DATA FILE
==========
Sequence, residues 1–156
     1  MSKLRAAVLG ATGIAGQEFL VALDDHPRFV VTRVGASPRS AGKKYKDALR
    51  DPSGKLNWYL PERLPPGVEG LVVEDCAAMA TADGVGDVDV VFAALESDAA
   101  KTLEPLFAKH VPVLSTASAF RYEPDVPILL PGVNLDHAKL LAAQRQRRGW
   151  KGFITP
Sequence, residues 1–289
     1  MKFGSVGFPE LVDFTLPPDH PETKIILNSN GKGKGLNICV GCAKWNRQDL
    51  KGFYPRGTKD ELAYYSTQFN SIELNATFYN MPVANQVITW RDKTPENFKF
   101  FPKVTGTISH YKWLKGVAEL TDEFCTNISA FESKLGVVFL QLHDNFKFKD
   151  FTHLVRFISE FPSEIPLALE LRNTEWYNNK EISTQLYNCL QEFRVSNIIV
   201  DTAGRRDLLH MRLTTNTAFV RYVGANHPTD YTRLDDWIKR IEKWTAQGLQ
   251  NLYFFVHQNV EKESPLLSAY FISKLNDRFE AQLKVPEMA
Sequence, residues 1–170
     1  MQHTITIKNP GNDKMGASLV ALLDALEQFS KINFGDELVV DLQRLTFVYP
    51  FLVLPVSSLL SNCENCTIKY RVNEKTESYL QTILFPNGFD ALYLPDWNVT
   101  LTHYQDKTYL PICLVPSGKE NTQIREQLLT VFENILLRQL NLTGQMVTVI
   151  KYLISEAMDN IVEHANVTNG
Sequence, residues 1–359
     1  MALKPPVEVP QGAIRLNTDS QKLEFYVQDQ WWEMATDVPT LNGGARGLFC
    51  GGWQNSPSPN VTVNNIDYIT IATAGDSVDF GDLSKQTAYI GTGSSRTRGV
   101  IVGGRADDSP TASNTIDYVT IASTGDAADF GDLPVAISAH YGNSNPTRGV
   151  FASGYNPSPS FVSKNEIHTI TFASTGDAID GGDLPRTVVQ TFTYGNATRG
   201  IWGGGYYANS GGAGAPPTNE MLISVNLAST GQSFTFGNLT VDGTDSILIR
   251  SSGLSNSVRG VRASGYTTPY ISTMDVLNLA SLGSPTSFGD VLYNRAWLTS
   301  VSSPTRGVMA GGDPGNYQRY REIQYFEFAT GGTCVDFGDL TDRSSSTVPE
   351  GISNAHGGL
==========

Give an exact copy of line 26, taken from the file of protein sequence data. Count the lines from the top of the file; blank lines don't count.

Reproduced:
   351  GISNAHGGL